Gettysburg College

Gettysburg College governs its student body using its Code of Conduct. The Code of Conduct and its procedures are located in the Handbook of Student Rights and Responsibilities. Students who are suspected of behavior that is contrary to what is outlined in the Code will be charged with violations. Students suspected of violations will undergo the Code of Conduct Process. If a student is found to be responsible for a violation, they will have sanctions imposed on them by the College.

A complaint against a student can be filed by any member of the College. Once a complaint is filed, the Director of Student Rights and Responsibilities determines whether or not Code of Conduct charges are appropriate for the matter. The Director will also choose the hearing body when appropriate. The hearing body will be either the Student Conduct Administrator or the Student Conduct Review Board. The Director of Student Rights and Responsibilities may also conduct an investigation for merit before making any determinations.

Cases that are assigned to a Student Conduct Administrator follow a much more informal process than those assigned to the Student Conduct Review Board. The Student Conduct Administrator will decide both the outcome of the case and the sanctions. The student can also admit to the violations they are charged with. If the violations are accepted but not the sanctions assigned, the appeal is limited to the scope of sanction appropriateness.

Gettysburg College Student Conduct Hearing Process

Student Conduct Review Board hearings are meant to resolve the situation between the "complainant" (the person who initiated the complaint) and the "respondent" (the student facing charges). Prior to the hearing both parties can request the removal of board members based on suspicions of a member's bias. Hearings will follow procedure as determined by the board presiding over them. In general, the complainant and the respondent will each have the opportunity to present written and physical evidence. Both parties can also present supporting witnesses for themselves, who the board will question following testimony. Witnesses cannot be questioned by the complainant or respondent directly. Instead, both parties must question the witnesses through the board, by suggesting questions that the board will ask. After all the information has been heard and all questioning has concluded, the board will deliberate. Decisions will be made using a majority vote. Deliberations are to use standard of "more likely than not."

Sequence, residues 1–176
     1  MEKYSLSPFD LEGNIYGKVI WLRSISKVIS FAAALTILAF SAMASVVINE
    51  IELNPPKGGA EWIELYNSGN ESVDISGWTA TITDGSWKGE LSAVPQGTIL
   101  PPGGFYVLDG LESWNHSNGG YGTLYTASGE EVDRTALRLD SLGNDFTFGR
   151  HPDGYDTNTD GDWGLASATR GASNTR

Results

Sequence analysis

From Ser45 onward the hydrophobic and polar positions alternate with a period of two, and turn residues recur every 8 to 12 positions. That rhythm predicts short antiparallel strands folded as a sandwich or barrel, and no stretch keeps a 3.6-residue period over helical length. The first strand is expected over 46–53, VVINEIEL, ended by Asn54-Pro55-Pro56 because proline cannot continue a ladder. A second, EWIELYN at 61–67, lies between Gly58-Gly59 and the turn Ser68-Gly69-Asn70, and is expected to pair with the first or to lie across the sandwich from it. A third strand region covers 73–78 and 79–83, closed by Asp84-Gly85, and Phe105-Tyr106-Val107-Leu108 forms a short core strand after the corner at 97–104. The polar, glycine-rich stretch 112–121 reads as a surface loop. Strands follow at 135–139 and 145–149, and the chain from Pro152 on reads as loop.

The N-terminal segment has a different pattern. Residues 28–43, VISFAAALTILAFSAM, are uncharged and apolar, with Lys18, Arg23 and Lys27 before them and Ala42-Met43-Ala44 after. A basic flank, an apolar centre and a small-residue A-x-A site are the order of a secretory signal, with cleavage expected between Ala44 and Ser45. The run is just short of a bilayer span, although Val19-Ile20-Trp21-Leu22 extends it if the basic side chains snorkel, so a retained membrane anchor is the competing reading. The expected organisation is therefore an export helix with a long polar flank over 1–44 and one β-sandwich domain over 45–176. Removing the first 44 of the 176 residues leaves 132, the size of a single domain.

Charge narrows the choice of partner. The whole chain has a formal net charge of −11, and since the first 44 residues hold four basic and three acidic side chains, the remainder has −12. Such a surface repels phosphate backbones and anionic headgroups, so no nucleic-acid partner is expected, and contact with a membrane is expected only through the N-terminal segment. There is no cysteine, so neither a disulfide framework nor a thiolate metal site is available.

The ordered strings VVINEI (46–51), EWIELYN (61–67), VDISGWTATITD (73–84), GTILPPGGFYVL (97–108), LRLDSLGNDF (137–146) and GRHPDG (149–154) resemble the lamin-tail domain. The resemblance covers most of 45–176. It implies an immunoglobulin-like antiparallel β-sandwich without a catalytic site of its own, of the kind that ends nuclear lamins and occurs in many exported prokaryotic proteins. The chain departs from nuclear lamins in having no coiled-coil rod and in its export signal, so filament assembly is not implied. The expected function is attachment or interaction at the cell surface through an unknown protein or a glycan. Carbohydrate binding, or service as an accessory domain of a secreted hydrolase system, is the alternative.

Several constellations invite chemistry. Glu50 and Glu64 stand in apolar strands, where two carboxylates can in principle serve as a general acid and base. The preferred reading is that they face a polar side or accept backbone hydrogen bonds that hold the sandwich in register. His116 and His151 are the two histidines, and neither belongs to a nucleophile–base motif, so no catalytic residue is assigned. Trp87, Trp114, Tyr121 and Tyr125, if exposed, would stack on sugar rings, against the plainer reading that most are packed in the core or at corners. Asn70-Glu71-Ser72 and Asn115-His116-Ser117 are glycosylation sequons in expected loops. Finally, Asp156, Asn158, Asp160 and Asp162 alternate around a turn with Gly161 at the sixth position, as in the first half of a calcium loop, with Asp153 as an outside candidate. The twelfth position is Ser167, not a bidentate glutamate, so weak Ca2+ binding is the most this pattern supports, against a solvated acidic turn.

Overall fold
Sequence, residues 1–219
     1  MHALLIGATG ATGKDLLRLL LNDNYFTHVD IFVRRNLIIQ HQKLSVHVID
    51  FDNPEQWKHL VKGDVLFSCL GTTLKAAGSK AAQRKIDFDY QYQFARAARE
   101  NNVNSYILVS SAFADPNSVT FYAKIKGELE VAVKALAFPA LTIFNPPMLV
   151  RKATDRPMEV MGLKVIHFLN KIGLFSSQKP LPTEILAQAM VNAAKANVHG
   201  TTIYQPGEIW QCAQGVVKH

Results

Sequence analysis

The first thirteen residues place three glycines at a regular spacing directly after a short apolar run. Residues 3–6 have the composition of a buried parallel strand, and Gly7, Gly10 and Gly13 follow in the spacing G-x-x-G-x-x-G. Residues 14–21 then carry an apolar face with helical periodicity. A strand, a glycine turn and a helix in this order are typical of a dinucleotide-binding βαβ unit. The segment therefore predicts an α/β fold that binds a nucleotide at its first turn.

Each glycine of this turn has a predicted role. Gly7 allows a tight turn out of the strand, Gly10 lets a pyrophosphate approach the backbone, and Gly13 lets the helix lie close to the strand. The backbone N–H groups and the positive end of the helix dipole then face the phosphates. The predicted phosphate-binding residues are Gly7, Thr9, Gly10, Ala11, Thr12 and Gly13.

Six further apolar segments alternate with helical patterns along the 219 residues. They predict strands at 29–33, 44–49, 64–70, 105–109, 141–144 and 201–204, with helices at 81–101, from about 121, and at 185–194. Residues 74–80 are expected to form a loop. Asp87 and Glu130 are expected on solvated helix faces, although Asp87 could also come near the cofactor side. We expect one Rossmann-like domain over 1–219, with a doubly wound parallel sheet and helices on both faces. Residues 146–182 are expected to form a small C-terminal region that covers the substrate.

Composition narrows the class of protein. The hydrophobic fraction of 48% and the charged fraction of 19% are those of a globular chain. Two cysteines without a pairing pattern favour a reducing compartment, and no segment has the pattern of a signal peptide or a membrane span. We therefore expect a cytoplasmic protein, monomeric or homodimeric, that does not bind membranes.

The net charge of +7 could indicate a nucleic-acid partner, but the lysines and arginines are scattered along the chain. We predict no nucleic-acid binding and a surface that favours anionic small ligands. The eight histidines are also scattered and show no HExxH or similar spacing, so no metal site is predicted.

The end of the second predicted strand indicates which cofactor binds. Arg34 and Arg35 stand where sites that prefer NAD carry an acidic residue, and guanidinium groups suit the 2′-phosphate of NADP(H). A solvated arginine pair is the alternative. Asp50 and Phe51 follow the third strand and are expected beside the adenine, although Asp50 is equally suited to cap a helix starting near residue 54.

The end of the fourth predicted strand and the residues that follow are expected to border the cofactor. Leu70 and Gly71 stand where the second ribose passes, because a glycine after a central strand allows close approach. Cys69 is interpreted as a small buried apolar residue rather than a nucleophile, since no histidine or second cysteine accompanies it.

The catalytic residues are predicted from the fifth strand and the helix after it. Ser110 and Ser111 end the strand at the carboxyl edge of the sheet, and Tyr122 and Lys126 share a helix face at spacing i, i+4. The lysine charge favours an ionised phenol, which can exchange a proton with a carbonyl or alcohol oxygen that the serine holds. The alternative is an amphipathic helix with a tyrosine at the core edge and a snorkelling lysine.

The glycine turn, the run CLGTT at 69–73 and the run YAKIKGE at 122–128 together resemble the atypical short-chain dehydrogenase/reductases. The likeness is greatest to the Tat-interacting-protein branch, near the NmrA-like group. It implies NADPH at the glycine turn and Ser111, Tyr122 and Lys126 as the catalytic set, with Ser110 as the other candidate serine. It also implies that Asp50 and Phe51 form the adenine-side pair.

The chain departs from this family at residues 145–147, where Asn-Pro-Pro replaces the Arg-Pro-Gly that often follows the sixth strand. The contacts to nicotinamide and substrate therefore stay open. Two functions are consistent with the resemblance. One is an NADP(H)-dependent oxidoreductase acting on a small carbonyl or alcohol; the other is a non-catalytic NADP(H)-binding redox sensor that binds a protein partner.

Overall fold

Students are entitled to the assistance of an advisor, however, there is one unfortunate caveat: the advisor must be a member of the College community. While this may seem helpful, a member of the College community is unlikely the have the same level of student defense experience and dedication to a student's case as an attorney will. Even without attending a hearing, an attorney's help from behind the scenes can be a great resource for students facing a hearing. Attorneys will be able to offer students keen insight into courtroom tactics that, when applied to a college disciplinary hearing, can be incredibly effective at securing a more favorable outcome.

Gettysburg College Appeals

Should a hearing result in an unfavorable outcome for any reason, students are able to make an appeal. Students have 5 calendar days from the date of the decision to make an appeal to the Vice President for College Life & Dean of Students. Appeals must be on the grounds of unreasonable sanctions, procedural error, or new information.

If you or your student is currently facing disciplinary action from Gettysburg College, contact attorney Joseph D. Lento today.

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If you, or your student, are facing any kind of disciplinary action, or other negative academic sanction, and are having feelings of uncertainty and anxiety for what the future may hold, contact the Lento Law Firm today, and let us help secure your academic career.

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